Request to re-open Glaxo ‘dual pricing’ case rejected by General Court: The end of the road for challenges to dual pricing?

Entering into agreements that erect barriers to parallel exports between EU markets is generally a high-risk endeavour, which is likely to attract the attention of the competition authorities.  Nevertheless, in the pharmaceutical industry the financial stakes can be high – medicines are often sold at very different prices in different Member States, due to the different applicable health policies.  

Relatively low mandated prices in Spain have led a number of companies to devise sales structures which reduced the flow of parallel exports out of the country – in particular, through the use of so-called dual pricing schemes.  Under such schemes, prices charged to wholesalers differ depending on whether the medicines were resold in Spain or exported to other Member States; in some cases this is achieved by selling all products at the export price, and granting rebates to wholesalers where the products do not in fact leave the country.  While not explicitly prohibiting parallel trade, such practices are likely to reduce the financial incentive for wholesalers to export.

GSK introduced such a scheme in 1998, and applied to the European Commission for an individual exemption (under a procedure which has since been repealed).  This application, and a subsequent complaint by the industry body for parallel traders (the EAEPC), has led to what must be one of the longest-running competition cases.  Initially found by the Commission to be restrictive of competition by object, GSK succeeded before the European Courts in showing that the Commission had given insufficient consideration to whether the practice warranted an exemption.  The case was therefore remitted to the Commission for further consideration.  In January 2010, GSK formally withdrew its original application for an individual exemption.  However, that was not the end of the matter, as the EAEPC’s complaint remained live. By this time, however, GSK had changed its practices, so the Commission rejected the complaint and closed its file.  EAEPC persisted, and lodged an appeal.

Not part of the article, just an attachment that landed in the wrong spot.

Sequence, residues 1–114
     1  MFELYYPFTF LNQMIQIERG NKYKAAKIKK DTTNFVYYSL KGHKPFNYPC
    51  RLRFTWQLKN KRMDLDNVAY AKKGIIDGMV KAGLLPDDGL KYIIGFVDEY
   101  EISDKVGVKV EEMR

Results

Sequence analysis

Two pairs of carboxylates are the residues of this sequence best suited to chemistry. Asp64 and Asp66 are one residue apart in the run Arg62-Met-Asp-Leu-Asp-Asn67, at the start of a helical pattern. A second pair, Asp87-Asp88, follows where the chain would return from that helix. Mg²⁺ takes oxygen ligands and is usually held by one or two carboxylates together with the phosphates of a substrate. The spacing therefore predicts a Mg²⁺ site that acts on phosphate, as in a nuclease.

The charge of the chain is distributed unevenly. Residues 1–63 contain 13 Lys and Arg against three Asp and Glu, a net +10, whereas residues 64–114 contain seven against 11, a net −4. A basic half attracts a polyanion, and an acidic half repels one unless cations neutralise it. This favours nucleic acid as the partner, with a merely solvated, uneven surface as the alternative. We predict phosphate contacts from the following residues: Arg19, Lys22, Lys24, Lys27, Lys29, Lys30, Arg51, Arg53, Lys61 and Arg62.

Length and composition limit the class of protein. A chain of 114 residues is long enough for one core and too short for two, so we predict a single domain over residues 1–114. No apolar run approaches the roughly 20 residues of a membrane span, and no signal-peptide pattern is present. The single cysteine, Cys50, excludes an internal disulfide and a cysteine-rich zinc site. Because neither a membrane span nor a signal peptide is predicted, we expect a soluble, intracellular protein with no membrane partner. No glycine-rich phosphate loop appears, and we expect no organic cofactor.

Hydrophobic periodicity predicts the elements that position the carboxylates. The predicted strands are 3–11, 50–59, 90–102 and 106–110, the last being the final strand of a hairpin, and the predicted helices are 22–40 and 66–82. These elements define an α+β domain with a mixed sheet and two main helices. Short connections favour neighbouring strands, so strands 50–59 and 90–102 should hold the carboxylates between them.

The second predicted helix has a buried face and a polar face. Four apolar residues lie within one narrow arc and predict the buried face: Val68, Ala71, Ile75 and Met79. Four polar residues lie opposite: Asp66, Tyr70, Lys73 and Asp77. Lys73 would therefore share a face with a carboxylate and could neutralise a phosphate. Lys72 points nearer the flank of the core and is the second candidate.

The General Court Judgment

It is this appeal that has given rise to the most recent development. On 26 September 2018, the General Court (GC) approved the Commission’s stance, effectively putting an end to this case (appeals to the Court of Justice are rare in rejection cases). 
 
The GC judgment demonstrates that while there was still some sympathy for EAEPC’s appeal, the Court was unable to identify any continued Union interest. The Court agreed with the applicant that the previous judgments have generated legal interest in relation to the “analysis of … dual-pricing systems in the light of Article 101 TFEU”.  However, that was not sufficient reason to require the Commission to continue examining the applicant’s complaint.